Enantioselective Construction of Aldol Products: Part Two of Two
Acyclic stereoarrays are important both in themselves and as precursors to enantiomerically-defined ring systems. Although the aldol condensation has for many years been a workhorse for acyclic stereoselection, there are still new things that can be done.
In a pair of papers last year, Scott Nelson of the University of Pittsburgh expanded the range of the ketene “aldol”. In the first paper (J. Am. Chem. Soc. 2004, 126, 14. ), he employed a chiral Al-based catalyst 3. This catalyst mediated additions such as propionyl bromide 1 to 2 to give 4 in 98:2 syn/anti ratio and 95% ee.
In a follow-up paper (J. Am. Chem. Soc. 2004, 126, 5352. ), Professor Nelson used the commercially-available base quinaldine 7a (R=H) or its TMS ether 7b (R=TMS). Catalysts 7a and 7b are both efficient and give > 95% ee, but lead to opposite absolute configurations of the products. As with catalyst 3, the syn aldol product predominates, but now branched aldehydes such as 6 also participate efficiently in the reaction. This is another example of enantioselective catalysis by a small organic molecule.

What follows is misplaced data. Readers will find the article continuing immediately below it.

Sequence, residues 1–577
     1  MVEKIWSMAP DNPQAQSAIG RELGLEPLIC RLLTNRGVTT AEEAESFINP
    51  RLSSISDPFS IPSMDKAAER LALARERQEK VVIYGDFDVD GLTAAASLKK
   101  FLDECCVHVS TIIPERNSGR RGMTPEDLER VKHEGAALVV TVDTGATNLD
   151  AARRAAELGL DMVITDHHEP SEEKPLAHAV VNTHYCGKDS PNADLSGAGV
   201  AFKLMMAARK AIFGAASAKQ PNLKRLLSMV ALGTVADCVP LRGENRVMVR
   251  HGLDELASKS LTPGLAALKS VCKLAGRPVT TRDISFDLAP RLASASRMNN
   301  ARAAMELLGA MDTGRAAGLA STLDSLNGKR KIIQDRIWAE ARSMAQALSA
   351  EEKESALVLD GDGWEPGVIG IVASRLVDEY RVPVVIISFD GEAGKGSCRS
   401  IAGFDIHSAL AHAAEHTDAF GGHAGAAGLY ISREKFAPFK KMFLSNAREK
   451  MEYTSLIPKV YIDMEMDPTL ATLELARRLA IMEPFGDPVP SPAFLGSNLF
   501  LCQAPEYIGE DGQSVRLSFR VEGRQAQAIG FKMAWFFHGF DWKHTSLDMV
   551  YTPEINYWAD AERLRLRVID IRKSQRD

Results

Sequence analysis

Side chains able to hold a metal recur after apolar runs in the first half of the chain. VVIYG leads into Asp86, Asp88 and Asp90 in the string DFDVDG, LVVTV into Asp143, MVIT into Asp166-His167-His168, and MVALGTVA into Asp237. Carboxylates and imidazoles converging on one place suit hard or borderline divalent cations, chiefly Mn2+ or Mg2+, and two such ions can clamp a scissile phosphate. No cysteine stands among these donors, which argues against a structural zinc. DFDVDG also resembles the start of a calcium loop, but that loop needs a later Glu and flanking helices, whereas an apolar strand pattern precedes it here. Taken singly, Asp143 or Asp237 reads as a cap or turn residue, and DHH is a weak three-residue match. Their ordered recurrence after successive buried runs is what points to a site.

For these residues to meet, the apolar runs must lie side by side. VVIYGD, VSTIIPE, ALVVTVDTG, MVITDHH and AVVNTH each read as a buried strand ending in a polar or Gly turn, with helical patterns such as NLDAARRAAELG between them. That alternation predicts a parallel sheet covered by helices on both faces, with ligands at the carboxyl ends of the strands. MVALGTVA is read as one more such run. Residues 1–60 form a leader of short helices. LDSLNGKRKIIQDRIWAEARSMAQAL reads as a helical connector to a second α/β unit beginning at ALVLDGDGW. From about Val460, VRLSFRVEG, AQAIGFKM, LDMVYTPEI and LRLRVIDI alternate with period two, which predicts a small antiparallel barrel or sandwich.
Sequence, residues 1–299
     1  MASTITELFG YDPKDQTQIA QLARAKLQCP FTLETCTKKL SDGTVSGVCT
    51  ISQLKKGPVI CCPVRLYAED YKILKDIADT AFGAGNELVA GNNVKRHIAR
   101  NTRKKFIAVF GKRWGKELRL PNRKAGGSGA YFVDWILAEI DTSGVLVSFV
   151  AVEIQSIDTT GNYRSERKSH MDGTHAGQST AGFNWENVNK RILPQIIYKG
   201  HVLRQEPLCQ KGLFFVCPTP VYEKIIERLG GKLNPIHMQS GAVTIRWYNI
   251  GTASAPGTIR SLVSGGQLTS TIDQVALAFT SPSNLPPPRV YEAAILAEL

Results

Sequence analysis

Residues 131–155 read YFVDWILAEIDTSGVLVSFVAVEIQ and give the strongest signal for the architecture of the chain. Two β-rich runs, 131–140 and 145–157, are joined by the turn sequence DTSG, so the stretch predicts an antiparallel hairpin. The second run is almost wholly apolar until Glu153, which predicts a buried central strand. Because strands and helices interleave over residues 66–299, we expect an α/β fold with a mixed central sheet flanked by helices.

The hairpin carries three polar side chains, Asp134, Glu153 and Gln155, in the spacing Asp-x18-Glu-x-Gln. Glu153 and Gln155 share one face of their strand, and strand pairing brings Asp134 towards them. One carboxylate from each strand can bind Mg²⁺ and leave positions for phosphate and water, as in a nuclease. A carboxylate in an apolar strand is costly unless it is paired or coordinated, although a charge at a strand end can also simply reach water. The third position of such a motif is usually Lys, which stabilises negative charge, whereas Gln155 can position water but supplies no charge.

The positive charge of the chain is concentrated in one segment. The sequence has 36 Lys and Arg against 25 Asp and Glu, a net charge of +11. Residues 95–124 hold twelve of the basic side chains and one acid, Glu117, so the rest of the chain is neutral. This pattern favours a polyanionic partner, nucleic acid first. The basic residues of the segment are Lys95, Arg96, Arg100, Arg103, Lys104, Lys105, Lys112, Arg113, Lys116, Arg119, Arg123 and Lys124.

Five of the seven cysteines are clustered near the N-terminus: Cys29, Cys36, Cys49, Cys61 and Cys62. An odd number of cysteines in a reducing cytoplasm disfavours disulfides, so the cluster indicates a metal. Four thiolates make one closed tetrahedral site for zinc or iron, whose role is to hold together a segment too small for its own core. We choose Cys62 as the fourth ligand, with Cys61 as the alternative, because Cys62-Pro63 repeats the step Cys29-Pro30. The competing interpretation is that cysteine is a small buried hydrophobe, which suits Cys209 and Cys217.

Mukund Sibi of North Dakota State University has developed (J. Am. Chem. Soc. 2004, 126, 718. ) a powerful three-component coupling, combining an α,β-unsaturated amide 9, a hydroxylamine 10, and an aldehyde 11. The hydroxylamine condenses with the aldehyde to give the nitrone, which then adds in a dipolar sense to the unsaturated ester. The reaction proceeds with high diastereocontrol, and the absolute configuration is set by the chiral Cu catalyst. As the amide 9 can be prepared by condensation of a phosphonacetate with another aldehyde, the product 12 can be seen as the product of a four-component coupling, chirally-controlled aldol addition and Mannich condensation on a starting acetamide.